As we continue to adapt to the changing landscape of work and what it means to translate your in-office tasks to home-office tasks, we have all been faced with the opportunity to reallocate our time, square up to our working habits, and find new and creative ways to stay in touch with our work colleagues.
As an employer, you may have been feeling extra pressure to not only handle your own working transition but also to manage the transitions of all of your employees. If you are having trouble creating a remote work policy that is healthy for both your workforce and your company, here are a few things to keep in mind.
Task-Based Work vs. Time-Based Work
Before this year, many remote workers chose or preferred to work remotely due to a variety of circumstances, be it location-independence, family management, personal accommodations, etc. Today, though, we can safely move from saying “the future is remote” to “the present is remote,” and we haven’t had a lot of time to prepare for that immediacy.
Because we were very quickly thrown into this brand new world of work, it’s abundantly apparent that working from home does not work the same for every employee. For this, flexibility is the operative word and will continue to be so for the time being. But, how can you craft a remote work policy that is flexible without being unfair?
As a manager, you know that every employee works differently; some are driven by to-do lists and others are driven by schedules and set hours. While in home-office, your employees may face a variety of problems with inadequate office supplies or equipment, working with their kids at home, caring for elderly parents, etc. It is unrealistic to expect everyone to keep to the same clock, so instead of focusing on hours worked, shift your priority to tasks completed. This way, when life demands your employees’ attention during the usual 9-5, they will know that it’s no problem to accomplish their tasks outside of those hours if necessary.
Monitoring vs. Surveilling
While there are a host of software solutions designed to track the activity of remote workforces, these may not be entirely appropriate to use heavily during a global crisis. Again, it is likely that not all of your employees are able to enjoy business as usual during this difficult time, so endlessly tracking their every move may be counterproductive and discouraging to employees who are facing extra challenges.
Instead, prioritize in your remote work policy a dynamic communication rather than spying on your employees’ activities. There is a difference between monitoring and surveilling, in the sense that you can still check on the status of projects and the well being of your workforce without attaching them to time-tracking or computer-observing software. There are plenty of less-invasive platforms that you can utilize (including RootLo!) and these make it possible to organize tasks and keep in touch. Working environments built on trust and accountability are healthier places to work than those structured around top-heavy surveillance and hierarchy.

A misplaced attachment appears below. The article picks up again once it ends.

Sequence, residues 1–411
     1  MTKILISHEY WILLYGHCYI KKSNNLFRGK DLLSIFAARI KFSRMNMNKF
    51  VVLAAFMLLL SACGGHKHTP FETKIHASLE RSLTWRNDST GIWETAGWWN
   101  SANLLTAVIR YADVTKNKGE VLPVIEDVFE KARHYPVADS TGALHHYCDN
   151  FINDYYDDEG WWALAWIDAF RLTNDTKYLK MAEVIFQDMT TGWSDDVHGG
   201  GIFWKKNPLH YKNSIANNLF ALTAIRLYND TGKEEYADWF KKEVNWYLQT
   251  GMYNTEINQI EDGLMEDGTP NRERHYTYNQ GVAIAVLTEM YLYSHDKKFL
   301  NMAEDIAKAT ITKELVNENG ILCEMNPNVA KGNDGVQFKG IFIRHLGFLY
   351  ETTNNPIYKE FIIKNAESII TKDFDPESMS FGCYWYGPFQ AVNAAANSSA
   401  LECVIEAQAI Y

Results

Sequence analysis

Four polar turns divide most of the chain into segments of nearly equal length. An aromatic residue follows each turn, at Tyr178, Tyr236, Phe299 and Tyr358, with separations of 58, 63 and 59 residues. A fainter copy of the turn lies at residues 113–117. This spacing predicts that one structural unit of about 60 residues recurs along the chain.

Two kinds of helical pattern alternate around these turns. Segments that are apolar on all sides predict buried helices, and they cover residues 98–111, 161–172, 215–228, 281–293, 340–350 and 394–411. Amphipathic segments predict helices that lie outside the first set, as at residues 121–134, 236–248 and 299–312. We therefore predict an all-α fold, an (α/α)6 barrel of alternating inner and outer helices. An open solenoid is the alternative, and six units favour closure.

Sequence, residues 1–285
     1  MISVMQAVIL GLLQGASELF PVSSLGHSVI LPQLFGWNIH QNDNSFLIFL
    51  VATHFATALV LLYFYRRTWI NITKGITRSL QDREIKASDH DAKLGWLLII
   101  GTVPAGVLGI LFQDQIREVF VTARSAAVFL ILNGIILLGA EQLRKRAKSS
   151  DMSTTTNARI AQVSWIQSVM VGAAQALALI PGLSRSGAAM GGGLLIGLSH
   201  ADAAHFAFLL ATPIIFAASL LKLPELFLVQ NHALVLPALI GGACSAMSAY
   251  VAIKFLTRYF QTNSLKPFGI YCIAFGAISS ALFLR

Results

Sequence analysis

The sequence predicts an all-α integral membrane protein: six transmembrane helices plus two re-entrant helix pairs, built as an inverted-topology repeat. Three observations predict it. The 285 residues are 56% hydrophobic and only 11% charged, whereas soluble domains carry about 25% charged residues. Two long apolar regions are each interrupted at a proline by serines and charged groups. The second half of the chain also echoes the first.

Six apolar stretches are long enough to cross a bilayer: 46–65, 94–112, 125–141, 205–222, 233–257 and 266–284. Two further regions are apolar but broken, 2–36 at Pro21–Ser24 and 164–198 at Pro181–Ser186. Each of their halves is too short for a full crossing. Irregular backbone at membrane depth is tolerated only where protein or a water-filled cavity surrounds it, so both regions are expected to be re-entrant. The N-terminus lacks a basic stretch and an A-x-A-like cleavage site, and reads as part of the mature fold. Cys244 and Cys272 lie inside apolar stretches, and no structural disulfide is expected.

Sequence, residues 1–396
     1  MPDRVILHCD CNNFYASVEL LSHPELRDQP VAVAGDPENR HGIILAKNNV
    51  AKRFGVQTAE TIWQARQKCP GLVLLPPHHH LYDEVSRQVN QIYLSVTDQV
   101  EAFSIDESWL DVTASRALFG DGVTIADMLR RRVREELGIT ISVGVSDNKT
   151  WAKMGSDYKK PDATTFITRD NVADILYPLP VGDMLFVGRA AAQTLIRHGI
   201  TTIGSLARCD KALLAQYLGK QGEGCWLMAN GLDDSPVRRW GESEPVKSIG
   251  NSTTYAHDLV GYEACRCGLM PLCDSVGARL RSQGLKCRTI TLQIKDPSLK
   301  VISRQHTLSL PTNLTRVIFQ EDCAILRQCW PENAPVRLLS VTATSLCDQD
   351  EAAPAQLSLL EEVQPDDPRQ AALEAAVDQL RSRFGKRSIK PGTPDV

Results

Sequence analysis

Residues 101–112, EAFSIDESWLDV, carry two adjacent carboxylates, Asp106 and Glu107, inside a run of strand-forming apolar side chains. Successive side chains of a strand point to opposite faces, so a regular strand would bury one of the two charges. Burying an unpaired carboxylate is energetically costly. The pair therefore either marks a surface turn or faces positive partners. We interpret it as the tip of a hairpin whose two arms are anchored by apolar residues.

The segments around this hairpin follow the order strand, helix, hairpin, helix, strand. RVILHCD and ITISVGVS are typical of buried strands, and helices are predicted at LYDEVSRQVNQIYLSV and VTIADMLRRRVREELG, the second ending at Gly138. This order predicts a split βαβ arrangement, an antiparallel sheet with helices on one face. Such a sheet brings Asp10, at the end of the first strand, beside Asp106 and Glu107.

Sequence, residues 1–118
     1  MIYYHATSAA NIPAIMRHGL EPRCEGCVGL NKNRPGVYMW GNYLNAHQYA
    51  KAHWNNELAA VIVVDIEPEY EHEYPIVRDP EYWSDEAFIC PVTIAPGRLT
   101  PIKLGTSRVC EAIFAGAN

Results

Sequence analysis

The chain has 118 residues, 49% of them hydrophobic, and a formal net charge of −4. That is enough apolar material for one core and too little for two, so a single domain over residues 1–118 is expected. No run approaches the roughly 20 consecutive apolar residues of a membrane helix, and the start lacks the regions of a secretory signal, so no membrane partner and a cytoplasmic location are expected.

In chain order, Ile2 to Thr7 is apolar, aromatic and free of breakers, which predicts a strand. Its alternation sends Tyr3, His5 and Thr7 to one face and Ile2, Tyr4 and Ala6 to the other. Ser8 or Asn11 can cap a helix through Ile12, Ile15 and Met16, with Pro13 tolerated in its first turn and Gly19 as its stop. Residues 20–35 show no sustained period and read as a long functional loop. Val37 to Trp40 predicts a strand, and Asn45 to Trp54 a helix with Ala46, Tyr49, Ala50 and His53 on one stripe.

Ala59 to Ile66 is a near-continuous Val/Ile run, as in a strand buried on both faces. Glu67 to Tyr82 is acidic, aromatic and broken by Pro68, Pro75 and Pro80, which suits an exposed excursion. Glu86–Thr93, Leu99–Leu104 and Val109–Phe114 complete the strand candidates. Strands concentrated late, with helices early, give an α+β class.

Maintaining Your Community
It can be tricky to nourish your working community while encouraging productivity and engagement, but solutions like RootLo can help you do so. We specialize in creating dynamic environments for companies and their remote teams, so if you are looking for a platform to communicate, organize, and collaborate on tasks from different locations, RootLo is here to help.
It is important to check in with your remote workforce during peaceful times, but it is especially vital to do so now. As an employer, it is your responsibility to keep yourself updated on the status of your employees. Make sure to host at least one work-related meeting with your team per week, but also consider hosting a weekly general check-in so that everyone can see each other and you can all discuss things that would usually be discussed around the coffee table. Hosting these weekly get-togethers is a way that you can make sure your employees are working sustainably and have the support to work as productively as they can.
Managing a remote workforce can be challenging, especially if you never anticipated needing to do so. During times like these, your working community is the most important thing. To care for this, you’ll need to employ flexibility in your remote work policy as well as your practice and extend that flexibility to your remote workers. Switch gears from time-based work management to task-based work management, steer clear of invasive surveillance software, and instead focus on regular check-ins and communication. If your employees feel plugged in and supported, then they will have the freedom and flexibility to find a work-life balance that is optimal for them — and ultimately, that’s beneficial for you and your company.
Work Globally, Live Locally.